They will happily grow in difficult situations where other plants will struggle, such as deep shade. Mahonia x media 'Lionel Fortescue' is evergreen and reaches around 3.5m (12ft) and can be used either as a single specimen to add structure to planting or as screening where its erect habit will act as a useful ‘filter’.
As the plant becomes taller its erect stems can become very bare at the base. To avoid this happening and to encourage the shrub to bush out, it should be pruned after it has finished flowering in the early spring. The flower head should be cut back to the next set of leaves from where it will re-shoot; although this will improve the shape of the shrub, the fruits will be lost for a year.
On extremely tall and old specimens that have long, bare stems, the stems can be cut hard back. Although there may be no leaves to prune to, a cut should be made just above a node from where it will re-shoot. Several specimens treated in this way at Hyde Hall last winter have now produced lots of new growth.
Mahonia has leathery, pinnate leaves which are dark green with 17–21 sharply toothed leaflets. As well as its adaptability, Mahonia is also grown for its late autumn and early winter flowers. ‘Lionel Fortescue’ bears bright yellow flowers in upright racemes up to 40cm (nearly 16in) long. If the shrub is un-pruned, blue fruits will develop through the spring. Mahonia prefers to be grown in humus-rich, moist, but well-drained soil in full or part shade but will tolerate sun if the soil remains moist. If it becomes dry they can become chlorotic.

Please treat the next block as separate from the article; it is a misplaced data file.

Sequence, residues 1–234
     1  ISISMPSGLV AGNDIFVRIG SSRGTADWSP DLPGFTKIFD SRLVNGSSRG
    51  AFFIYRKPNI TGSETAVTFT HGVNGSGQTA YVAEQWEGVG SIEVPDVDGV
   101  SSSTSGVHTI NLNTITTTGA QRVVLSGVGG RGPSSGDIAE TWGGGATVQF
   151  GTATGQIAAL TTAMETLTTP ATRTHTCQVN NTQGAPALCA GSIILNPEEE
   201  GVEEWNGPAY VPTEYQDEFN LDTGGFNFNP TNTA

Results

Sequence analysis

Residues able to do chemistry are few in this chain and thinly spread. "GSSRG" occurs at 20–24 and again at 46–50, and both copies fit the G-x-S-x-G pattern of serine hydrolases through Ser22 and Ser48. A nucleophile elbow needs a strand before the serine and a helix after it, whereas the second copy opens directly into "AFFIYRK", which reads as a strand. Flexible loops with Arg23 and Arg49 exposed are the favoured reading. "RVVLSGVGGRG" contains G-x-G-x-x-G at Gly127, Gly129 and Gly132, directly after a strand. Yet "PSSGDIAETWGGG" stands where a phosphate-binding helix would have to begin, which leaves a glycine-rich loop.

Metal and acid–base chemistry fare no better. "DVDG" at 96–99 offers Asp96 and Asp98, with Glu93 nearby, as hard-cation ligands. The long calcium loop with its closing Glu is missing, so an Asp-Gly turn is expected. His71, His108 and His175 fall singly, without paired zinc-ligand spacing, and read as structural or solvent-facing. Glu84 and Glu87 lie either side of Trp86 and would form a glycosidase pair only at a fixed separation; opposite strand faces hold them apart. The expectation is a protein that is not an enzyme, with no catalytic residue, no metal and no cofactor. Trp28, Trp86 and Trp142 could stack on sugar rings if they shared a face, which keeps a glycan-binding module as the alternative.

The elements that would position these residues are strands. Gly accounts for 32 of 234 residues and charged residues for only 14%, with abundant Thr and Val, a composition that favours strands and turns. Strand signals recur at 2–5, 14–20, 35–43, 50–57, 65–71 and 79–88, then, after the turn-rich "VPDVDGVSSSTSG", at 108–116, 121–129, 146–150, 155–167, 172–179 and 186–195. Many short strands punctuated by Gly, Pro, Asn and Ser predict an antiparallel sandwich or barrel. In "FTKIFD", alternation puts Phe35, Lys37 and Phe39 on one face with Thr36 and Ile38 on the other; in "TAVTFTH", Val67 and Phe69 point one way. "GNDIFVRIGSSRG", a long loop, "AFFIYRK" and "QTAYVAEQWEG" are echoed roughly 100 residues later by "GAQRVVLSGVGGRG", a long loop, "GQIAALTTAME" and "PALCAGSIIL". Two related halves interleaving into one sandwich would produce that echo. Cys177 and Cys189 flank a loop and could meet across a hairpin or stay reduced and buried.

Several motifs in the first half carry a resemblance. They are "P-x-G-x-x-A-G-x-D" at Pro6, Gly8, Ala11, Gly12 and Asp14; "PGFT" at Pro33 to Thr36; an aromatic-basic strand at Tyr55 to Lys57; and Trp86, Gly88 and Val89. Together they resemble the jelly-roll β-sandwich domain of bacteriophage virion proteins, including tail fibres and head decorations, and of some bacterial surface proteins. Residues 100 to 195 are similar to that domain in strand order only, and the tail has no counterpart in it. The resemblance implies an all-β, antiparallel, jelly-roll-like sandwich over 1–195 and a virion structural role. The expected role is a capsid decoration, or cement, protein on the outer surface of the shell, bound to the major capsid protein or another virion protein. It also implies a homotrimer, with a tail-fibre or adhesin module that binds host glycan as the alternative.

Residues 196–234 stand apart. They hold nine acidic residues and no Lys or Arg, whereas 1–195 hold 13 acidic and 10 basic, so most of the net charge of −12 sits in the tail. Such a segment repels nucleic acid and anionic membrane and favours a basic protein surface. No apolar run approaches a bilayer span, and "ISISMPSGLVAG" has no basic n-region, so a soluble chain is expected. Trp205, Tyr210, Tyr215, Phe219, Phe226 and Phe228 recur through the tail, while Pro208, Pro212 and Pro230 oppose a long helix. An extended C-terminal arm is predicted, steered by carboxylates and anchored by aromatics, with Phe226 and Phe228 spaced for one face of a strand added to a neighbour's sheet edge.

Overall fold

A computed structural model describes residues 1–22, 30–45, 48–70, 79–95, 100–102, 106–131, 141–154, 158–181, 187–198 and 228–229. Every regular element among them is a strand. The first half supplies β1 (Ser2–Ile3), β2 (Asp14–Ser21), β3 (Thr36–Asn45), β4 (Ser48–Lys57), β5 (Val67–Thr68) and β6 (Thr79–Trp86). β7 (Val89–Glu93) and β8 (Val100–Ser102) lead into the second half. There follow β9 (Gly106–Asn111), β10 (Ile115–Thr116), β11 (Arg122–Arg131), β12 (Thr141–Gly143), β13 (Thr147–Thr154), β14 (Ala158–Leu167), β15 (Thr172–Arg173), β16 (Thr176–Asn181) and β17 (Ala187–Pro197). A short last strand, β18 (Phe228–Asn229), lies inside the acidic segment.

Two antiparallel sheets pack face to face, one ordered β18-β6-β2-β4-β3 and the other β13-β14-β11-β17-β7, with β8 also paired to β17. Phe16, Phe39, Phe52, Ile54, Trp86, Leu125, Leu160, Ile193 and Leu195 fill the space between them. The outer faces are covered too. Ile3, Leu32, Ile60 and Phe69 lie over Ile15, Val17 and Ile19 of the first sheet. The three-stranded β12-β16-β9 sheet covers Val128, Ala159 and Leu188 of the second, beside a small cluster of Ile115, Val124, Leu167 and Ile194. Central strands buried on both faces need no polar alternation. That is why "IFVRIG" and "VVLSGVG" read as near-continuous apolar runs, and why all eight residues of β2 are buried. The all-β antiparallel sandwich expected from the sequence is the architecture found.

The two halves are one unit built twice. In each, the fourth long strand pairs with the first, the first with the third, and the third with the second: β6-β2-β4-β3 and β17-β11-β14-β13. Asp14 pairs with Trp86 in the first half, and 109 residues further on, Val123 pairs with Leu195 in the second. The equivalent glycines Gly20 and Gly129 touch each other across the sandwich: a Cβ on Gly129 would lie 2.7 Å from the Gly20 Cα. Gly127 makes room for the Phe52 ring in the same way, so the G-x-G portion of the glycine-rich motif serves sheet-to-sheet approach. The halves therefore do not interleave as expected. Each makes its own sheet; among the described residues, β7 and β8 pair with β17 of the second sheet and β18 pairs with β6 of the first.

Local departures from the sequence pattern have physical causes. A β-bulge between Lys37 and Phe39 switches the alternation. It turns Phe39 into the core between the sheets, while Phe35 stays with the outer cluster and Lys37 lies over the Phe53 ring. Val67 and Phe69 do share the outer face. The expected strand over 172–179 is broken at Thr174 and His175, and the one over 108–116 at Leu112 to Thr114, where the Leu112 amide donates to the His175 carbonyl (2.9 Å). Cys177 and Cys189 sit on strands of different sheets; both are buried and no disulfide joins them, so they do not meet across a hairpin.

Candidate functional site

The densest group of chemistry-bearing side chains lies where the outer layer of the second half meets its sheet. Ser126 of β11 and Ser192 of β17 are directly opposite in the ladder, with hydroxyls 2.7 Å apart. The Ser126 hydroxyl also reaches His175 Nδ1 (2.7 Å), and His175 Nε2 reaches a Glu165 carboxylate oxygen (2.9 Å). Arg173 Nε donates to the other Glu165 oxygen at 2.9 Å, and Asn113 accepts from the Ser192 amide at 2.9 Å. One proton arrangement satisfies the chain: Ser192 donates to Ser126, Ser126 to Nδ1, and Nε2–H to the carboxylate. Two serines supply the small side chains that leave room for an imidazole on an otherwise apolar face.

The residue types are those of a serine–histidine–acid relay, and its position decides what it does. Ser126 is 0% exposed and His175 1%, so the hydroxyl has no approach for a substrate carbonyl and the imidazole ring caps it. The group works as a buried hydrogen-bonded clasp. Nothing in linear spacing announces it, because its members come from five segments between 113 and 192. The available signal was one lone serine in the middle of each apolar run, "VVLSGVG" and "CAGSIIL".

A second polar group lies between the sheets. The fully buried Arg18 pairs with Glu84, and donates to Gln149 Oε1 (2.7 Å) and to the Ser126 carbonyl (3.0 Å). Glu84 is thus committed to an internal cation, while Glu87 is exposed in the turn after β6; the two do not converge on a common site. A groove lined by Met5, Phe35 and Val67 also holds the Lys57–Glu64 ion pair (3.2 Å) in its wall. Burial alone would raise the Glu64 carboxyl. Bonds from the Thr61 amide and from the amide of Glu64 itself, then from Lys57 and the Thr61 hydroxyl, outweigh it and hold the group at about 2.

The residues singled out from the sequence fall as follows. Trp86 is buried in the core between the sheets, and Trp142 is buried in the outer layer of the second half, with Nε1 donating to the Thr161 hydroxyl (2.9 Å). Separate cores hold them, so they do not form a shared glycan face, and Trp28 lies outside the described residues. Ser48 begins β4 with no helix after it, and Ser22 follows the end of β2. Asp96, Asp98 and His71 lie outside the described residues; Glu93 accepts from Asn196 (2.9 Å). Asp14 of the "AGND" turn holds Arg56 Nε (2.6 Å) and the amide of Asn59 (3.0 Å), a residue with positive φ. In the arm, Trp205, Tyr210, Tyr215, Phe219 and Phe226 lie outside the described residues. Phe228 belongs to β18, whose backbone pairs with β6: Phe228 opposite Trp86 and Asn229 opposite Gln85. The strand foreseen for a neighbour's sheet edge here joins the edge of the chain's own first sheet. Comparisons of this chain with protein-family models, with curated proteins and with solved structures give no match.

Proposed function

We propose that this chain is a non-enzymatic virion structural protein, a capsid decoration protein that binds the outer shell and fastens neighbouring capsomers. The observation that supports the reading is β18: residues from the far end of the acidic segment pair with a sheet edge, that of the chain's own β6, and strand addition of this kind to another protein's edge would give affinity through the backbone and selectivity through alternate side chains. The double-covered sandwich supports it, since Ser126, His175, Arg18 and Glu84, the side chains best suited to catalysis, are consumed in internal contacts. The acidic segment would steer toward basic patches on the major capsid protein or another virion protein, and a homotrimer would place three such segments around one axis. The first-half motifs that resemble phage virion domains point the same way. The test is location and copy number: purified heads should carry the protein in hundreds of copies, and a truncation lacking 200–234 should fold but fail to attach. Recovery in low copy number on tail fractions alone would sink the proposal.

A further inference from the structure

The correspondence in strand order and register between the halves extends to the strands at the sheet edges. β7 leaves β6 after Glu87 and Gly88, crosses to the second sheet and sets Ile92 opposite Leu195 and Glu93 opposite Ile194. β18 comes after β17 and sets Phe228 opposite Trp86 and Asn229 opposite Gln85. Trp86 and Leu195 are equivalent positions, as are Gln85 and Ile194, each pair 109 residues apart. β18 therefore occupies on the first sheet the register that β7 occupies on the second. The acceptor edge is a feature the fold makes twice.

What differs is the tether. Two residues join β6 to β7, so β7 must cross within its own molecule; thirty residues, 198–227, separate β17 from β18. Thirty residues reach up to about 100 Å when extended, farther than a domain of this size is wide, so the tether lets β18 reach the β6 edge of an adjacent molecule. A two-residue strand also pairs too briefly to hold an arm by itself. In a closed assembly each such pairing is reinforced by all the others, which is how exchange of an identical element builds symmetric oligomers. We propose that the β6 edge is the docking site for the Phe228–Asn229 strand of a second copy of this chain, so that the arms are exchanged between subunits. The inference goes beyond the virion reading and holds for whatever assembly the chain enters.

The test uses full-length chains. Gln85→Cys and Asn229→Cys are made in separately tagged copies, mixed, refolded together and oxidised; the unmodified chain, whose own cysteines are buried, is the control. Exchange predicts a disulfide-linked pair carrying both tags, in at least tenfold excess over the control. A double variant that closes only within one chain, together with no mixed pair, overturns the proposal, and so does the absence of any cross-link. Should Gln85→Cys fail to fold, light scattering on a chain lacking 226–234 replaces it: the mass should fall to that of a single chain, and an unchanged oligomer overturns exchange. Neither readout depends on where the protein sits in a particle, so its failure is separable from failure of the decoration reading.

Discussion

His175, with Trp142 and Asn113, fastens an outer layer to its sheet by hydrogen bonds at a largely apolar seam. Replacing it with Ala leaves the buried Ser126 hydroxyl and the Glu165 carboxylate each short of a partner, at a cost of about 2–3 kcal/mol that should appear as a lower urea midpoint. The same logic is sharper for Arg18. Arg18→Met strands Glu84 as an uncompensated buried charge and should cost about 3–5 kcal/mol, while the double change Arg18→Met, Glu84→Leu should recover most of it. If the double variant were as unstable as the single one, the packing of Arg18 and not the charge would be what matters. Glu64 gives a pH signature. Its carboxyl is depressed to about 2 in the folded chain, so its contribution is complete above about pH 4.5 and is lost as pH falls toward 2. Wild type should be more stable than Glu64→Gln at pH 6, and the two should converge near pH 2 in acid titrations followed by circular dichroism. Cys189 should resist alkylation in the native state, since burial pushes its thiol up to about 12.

At RHS Garden Hyde Hall we use mahonias through plantings to provide an evergreen back drop as well as in shady borders, and you can find this cultivar in the Queen Mother’s Garden in a mixed border. Around the base of the Mahonia, hostas provide textural interest which helps to hide the bare stems. You’ll also find this selection of Mahonia on Clover Hill where it is growing amongst other shrubs such as Euonymus europaeus, providing a backdrop to the perennial planting in this area as well as valuable late autumn and early winter colour.
Find out more here about chlorosis in leaves.
Read about soil types, and how to work with your soil.